Astronomers said Wednesday they have spotted evidence of two mega solar systems — giant stars enveloped by what appear to be huge disks of planet-forming dust.
Cloudy disks around stars are believed to represent current or future planetary systems. Our sun is surrounded by the Kuiper Belt, a disk containing dust, comets and other bodies.
Astronomers said the latest findings were surprising because such massive stars are thought to be inhospitable to the formation of planets.
"Our data suggest that the planet-forming process may be hardier than previously believed, occurring around even the most massive stars," Joel Kastner, of the Rochester Institute of Technology, said in a statement.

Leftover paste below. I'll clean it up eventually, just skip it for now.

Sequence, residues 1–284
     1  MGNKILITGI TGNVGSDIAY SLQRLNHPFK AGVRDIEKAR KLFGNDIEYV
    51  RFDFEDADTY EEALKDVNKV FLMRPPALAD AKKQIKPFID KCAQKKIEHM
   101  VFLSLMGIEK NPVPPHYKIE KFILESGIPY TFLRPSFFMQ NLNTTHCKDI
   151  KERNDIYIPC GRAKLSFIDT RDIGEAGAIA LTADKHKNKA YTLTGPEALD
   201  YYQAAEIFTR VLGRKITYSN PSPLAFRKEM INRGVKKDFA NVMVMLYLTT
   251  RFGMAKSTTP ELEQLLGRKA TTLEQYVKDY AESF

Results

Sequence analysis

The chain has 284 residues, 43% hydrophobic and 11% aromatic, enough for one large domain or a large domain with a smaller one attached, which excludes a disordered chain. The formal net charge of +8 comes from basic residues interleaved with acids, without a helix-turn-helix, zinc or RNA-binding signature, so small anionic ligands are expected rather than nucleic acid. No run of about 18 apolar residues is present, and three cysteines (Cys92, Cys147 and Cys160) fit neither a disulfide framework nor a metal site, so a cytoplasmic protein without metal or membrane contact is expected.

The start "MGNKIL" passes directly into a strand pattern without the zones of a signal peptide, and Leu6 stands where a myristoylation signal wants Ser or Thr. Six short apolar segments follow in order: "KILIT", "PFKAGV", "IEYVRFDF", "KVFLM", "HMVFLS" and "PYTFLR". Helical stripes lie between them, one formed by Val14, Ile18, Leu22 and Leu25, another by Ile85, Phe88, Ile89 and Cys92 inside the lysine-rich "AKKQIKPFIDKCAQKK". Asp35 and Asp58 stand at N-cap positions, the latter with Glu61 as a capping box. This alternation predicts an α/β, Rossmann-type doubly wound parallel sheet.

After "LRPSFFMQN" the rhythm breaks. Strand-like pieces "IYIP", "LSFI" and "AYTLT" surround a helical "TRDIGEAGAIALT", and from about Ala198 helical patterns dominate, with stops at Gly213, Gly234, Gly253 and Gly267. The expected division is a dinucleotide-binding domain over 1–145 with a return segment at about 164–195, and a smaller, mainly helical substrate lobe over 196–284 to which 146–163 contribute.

Results appear in the Feb. 10 issue of the Astrophysical Journal Letters.
The new stars were measured to be 30 to 70 times more massive than the sun. Because of the stars' size, scientists said the surrounding debris disks are larger versions of the Kuiper Belt and probably contain about 10 times more mass.
The new stars were found using NASA's Spitzer Space Telescope during a survey of 60 bright stars. Kastner said the new discoveries stuck out from the rest because an analysis indicated the presence of flat disks.
Last year, another team of scientists discovered what they believe was a mini solar system. The team found a dust cloud around a brown dwarf, or failed star.